Nabokov makes us feel the most refined and deepest of all, the absolute nonsense that lies behind the so-called "normality". And it is passion, mad love, and obsession, by definition uncontrollable feelings that reveal best the subjective nature of truth, of all reality. For Nabokov, finally, the madman, the pervert, the obsessed, are only variations of extremes. Authentic love leads the subject to make decisions which are inevitably at odds vis-à-vis the laws and standards.(Connolly, 165)
The novel “Lady Chatterley’s Lover” written by D.H Lawrence was met with sharp criticism from different segments of the society for its sexual overtones. Intensified by the experiences of the novel's characters, Lady Chatterley's Lover comes up with techniques to deal with the pressing demands and norms of the modern society. The characters are compelled to retreat from society engaging in phallic sex. However, the function of these techniques is challenging as phallic sex dictates the rejection of social convention while withdrawing from society conflicts with phallic sex.
Lady Chatterley is the major protagonist of the novel. Prior to her marriage, she is merely Constance Reid, an intellectual and social progressive from a Scottish bourgeois family, the daughter of Sir Malcolm and the sister of Hilda. When she weds Clifford Chatterley, a minor nobleman, Constance as she is identified throughout the novel, Conies naturally assumes the title of Lady Chatterley. This is precisely the point when her conflicts with society caused by her free will (the choice to marry a man below her status) begins. The novel records Connie's maturation as a woman and as a sensual being. She begins to spurn her heartless and bloodless husband after falling in love with Oliver Mellors, the gamekeeper on her husband's estate.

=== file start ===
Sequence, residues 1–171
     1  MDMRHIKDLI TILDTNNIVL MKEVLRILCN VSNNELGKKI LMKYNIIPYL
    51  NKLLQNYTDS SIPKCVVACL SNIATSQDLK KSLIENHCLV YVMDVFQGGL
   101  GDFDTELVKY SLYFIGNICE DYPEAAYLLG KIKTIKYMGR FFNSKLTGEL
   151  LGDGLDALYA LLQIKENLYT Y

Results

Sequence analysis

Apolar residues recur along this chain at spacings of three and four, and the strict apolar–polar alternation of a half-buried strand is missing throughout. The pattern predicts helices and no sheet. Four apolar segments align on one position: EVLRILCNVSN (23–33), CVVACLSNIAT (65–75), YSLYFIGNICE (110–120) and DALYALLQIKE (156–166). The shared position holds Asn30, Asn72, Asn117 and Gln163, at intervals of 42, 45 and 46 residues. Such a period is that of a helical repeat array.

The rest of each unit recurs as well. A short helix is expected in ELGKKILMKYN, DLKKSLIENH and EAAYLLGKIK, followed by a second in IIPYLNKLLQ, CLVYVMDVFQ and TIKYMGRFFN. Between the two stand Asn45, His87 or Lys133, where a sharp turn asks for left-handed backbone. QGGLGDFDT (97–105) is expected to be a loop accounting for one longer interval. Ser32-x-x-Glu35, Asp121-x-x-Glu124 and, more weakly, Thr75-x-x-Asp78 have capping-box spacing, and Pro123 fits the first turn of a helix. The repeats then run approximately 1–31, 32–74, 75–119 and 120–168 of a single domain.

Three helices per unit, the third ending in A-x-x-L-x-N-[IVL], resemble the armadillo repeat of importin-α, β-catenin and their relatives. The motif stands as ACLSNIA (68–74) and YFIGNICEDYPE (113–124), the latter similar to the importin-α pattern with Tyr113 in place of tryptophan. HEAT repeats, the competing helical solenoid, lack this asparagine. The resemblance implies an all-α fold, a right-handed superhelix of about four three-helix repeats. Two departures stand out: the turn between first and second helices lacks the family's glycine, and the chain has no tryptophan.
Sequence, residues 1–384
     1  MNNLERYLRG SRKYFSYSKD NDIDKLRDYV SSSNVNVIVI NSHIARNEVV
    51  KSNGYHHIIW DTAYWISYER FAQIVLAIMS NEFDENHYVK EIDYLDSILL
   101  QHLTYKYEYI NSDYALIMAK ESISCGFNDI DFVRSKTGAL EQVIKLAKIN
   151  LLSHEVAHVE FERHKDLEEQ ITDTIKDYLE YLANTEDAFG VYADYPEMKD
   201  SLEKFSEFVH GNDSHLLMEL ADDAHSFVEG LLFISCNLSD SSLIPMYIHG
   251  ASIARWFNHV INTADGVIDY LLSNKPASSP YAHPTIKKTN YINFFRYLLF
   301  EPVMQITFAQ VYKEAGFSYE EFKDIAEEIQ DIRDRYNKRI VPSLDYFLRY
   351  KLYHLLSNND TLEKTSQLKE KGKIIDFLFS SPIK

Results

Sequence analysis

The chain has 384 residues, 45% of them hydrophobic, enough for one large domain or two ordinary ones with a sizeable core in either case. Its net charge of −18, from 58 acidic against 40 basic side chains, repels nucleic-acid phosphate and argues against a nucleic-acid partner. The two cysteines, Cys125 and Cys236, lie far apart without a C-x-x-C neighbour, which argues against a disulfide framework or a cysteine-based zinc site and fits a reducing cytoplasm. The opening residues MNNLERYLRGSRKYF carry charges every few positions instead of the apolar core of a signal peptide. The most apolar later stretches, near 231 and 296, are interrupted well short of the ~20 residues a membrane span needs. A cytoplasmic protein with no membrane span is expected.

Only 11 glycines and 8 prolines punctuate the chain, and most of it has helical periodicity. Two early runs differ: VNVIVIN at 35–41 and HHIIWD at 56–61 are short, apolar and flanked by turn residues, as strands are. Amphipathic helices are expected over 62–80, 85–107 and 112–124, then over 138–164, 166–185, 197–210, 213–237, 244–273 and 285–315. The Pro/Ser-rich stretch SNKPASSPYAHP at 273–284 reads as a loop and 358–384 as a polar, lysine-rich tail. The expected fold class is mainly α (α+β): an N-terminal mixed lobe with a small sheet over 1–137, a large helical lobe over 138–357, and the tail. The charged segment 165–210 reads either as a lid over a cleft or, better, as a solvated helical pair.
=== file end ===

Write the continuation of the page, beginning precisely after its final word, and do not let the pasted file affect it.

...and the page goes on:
She abandons her husband and conceives a child with Mellors. Commentators identify this as a transition from the heartless and bloodless world to a vicarious and profound bond entrenched in sensuality and sexual fulfillment. His work advocates a return to "primitive sacred."
Lawrence in this novel expresses his rejection of Puritan England of the 20s. He writes ironically at the beginning of the novel: "The conversations, discussions, here is what mattered: the carnal knowledge and love were nothing more than a return to instinct, and even a sort of fallout. This case was indeed a sex report of slavery of the oldest and most sordid."(Lawrence, 345)
Clifford Chatterley is Connie's husband. Clifford Chatterley is a youthful, handsome baronet who becomes paralyzed from the waist down during World War I. This leaves him as an impotent man. Consequently, he goes on to become a successful writer and then a business man but he remains disinterested in keeping a passionate love with his wife. The gap between them further widens because he is merely obsessed with material success and fame.
In my opinion, their relationship can be analyzed as a conflict between sexual freedom and economic liberty. Lawrence, through their relationship, successfully advocates the greater sexual freedom and reinforces this notion by involving the analysis of social classes. The union of an aristocrat and a commoner is the most striking symbol.
It also delivers throughout the narrative, acerbic social critique of the exploitation of mine (his father was himself a mine) by the aristocracy: "It was a world of iron and coal, the cruelty of iron and of coal smoke and the ceaseless and endless greed that controlled everything. Nothing but greed, greed and endless controlled everything.”(Lawrence, 124)
In conclusion, it may safely be said that these two novels are at odds yet seem to share some similarities with each other. D.H Lawrence was fascinated by the insight that Freud provided into psychoanalysis while Nabokov was against all psychoanalysis. However, both the characters are sexually obsessive and defy the norms of their respective societies to seek fulfillment.

Work Cited
Connolly, Julian W.. The Cambridge Companion to Nabokov. Cambridge: Cambridge University Press. Essays on the life and novels. 2005 p.165
Lawrence, D.H  “Lady Chatterley’s Publishing 2008 p.345